Members Reports and Photos





Earlier in the year there were reports of damage to the board walk at the south end of the Portrane Burrow where building has occurred close to the shoreline.  This visit to the north end revealed a rather different story. The old sand dunes on one side are leached and are heavily vegetated with Bracken. In between these dunes and the sea and Rogerstown Estuary there is a complex and dynamic system with both saltmarsh and newer dunes in various stages of development. Vegetation undergoes abrupt changes in community in some areas, e.g. from Festuca rubra dominated sward to salt marsh, with a metre or less.

Some of what is now saltmarsh was freshwater marsh a hundred years ago according to the G.H. Pethybridge survey. Why has this happened?  Is this a consequence of the local extraction of groundwater for domestic consumption or are there other causes?

Typical sand dune plants seen were Marram Ammophila arenaria, Lyme Grass Leymus arenarius, Elytrigia juncea and Carex arenaria all of which with their extensive root systems have varying degrees of capacity to bind sand together. Sea Rocket Cakile maritima, Sea Sandwort Honckenya peploides were plentiful. A small amount of Sea Holly Eryngium maritimum was seen. The saltmarsh/halophile  plants included the Sea Lavenders  Limonium binervis (upper part), L. humile (lower marsh), Sea Milk Glaux maritima, Sea Arrowgrass Triglochin maritimum , Sea Plantain Plantago maritima, Thrift Armeria maritima, Sea-purslane Atriplex (halimione) portulacoides, Sea Aster Aster tripolium. Seablite Suaeda maritima and Prickly Saltwort Salsola kali. Other plants on drier parts included Kidney Vetch Anthyllis vulneraria, Knotted Pearlwort  Sagina nodosa. Cordgrass Spartina sp., an introduced species in Ireland, was growing in some of the muddier areas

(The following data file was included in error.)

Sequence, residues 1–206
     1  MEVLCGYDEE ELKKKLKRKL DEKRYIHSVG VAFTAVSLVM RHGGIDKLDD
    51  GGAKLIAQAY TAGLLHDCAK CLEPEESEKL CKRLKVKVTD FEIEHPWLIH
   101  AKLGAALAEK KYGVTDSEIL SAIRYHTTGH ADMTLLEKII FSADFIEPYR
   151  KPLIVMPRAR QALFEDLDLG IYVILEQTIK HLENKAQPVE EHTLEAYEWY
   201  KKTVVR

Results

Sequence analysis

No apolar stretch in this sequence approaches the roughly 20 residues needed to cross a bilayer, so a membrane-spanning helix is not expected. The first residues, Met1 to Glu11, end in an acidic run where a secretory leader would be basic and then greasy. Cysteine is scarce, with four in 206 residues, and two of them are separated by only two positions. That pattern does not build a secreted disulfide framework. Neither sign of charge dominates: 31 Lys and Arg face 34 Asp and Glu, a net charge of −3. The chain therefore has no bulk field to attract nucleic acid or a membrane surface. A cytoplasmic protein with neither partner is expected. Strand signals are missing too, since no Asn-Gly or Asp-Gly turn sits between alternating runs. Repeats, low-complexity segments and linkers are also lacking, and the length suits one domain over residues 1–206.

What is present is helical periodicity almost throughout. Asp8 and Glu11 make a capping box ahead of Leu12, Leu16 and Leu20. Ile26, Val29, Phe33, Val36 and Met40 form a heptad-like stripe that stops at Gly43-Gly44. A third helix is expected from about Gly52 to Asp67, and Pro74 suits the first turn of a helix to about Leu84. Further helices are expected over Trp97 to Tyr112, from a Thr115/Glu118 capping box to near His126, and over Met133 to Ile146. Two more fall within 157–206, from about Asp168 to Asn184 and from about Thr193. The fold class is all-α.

Slugs were scarce in Turvey due to the dry summer but a few Arion specimens were found under boards.  One plastic board revealed the long-legged ‘cellar’ spider Pholcus phalangioides familiar to some of us in the darker corner of our houses and another spider a member of the Salticidae (Jumping spider) was examined. Two small woodlice species were noted Trichoniscus pusillus (‘common pygmy”?) and Metponorthus (Porcellionides) pruinosus. – the former numerically one of the most common and the latter, described as a coloniser of synantropic sites was found in a typical ‘farmyard’ habitat.

Arable weeds included Veronica persica, Lamium amplexicaule and the Knotgrasses Polygonum maculosa (Redshank) and Polygonum lapathifolium, and Black Bindweed Fallopia (Bilderykia) convolvuus. Small tortoiseshell butterflies were nectaring on Sedum spectabile and a single Wall Brown was found in an atypical bare substrate – a log – and one migrant Painted Lady was briefly glimpsed. Birch Shieldbugs Elasmosthetus interstinctus (adults and nymphs) appeared on cue on a birch tree.







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